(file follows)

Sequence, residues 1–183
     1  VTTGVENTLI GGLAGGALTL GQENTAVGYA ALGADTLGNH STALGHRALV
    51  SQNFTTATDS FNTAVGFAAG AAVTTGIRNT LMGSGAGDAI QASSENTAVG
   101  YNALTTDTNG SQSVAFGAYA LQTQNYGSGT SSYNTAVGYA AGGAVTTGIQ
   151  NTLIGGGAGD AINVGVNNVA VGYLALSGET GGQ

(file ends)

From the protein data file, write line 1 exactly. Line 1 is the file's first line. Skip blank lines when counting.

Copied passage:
Sequence, residues 1–183